cjm at MAILSERVER.NHM.AC.UK
Thu Sep 28 09:48:12 CDT 1995
>From: (Colin McCarthy) <cjm at mailserver.nhm.ac.uk>
>Message-Id: <43202.cjm at mailserver.nhm.ac.uk>
>To: BURDET at CJB.UNIGE
>Subject: Re: Forwarded message...
>"Elapsoidea" was coined by Bocage 1866 and you are clearly correct in
>identifying Elaps as the root. However I am not sure that there is
>agreement about the translation of Elaps. For example Gotch, A.F. 1986
>'Reptiles their latin names explained' Blandford p.140 thinks "Elops (Gr)
>mute, the mute one, name of a type of fish also a type of serpent, giving
>rise to elaps (New L) a serpent".
>Incidentally Elaps is no longer a recognised genus of snake but
> -elap(s)- is incorporated within many snake generic names and of course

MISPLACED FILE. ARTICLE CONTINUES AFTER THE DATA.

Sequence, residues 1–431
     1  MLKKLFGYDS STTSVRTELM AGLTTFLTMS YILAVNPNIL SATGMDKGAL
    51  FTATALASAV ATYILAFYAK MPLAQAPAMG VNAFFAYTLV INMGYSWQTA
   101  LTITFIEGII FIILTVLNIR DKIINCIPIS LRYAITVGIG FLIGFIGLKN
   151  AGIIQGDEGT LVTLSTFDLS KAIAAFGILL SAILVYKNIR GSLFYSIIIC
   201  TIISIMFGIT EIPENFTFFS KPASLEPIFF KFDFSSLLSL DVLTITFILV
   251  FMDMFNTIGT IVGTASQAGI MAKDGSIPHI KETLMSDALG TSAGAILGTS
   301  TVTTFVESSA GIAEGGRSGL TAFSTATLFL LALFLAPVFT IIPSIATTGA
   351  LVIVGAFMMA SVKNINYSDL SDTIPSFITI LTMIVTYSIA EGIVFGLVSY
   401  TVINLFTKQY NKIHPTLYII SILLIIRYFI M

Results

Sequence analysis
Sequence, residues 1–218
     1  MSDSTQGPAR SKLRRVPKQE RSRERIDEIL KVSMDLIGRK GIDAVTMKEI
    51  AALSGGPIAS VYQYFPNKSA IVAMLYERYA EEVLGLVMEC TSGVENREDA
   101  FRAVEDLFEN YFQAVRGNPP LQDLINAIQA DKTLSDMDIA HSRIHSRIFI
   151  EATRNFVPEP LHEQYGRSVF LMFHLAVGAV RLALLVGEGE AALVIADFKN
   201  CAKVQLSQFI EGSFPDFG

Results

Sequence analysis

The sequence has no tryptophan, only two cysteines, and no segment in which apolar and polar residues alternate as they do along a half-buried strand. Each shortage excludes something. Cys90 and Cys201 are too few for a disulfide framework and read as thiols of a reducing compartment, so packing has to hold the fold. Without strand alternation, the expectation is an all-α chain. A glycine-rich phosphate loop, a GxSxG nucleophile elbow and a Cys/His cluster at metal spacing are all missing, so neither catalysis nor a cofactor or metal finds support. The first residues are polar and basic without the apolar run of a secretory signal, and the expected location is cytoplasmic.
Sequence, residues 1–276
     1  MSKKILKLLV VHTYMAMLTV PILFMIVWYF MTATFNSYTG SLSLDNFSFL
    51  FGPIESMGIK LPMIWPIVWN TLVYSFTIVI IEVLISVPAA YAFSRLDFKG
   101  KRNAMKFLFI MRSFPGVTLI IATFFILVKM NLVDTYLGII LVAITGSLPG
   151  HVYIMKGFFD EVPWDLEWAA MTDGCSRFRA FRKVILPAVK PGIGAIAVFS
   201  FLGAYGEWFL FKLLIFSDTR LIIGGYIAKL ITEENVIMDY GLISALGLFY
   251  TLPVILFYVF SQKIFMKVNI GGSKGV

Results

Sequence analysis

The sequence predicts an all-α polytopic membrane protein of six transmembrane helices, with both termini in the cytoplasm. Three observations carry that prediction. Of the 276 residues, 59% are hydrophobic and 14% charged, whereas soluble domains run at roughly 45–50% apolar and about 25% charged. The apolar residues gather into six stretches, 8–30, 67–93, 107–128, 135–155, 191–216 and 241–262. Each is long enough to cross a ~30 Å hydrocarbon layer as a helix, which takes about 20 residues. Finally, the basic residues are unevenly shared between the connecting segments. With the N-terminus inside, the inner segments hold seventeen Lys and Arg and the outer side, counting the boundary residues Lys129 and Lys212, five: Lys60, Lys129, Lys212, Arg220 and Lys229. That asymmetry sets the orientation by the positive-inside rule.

>the family Elapidae (Cobras, coral snakes, mambas etc.).
>I hope this helps
>Department of Zoology,
>The Natural History Museum,
>LONDON SW7 5BD
>>Tue, 26 Sep 1995 10:37:25 +020
>>To: Multiple recipients of list TAXACOM <TAXACOM at CMSA.BERKELEY.EDU>
>>Dear taxacom colleagues,
>>Beeing a botanist, my taxonomic knowledge of snakes is rather shaky at best.
>>But I need to be informed on the exact ethymology of the name "elapsoidea". The
>>name obviously derives from the greek "elaps" or "elaphis" which refers to the
>>mythological snake "elaps", speedy as a deer. Is this ethymology correct or is
>>there another philologic derivation to explain the name? With many thanks,
>>----- forwarded message ends here -----
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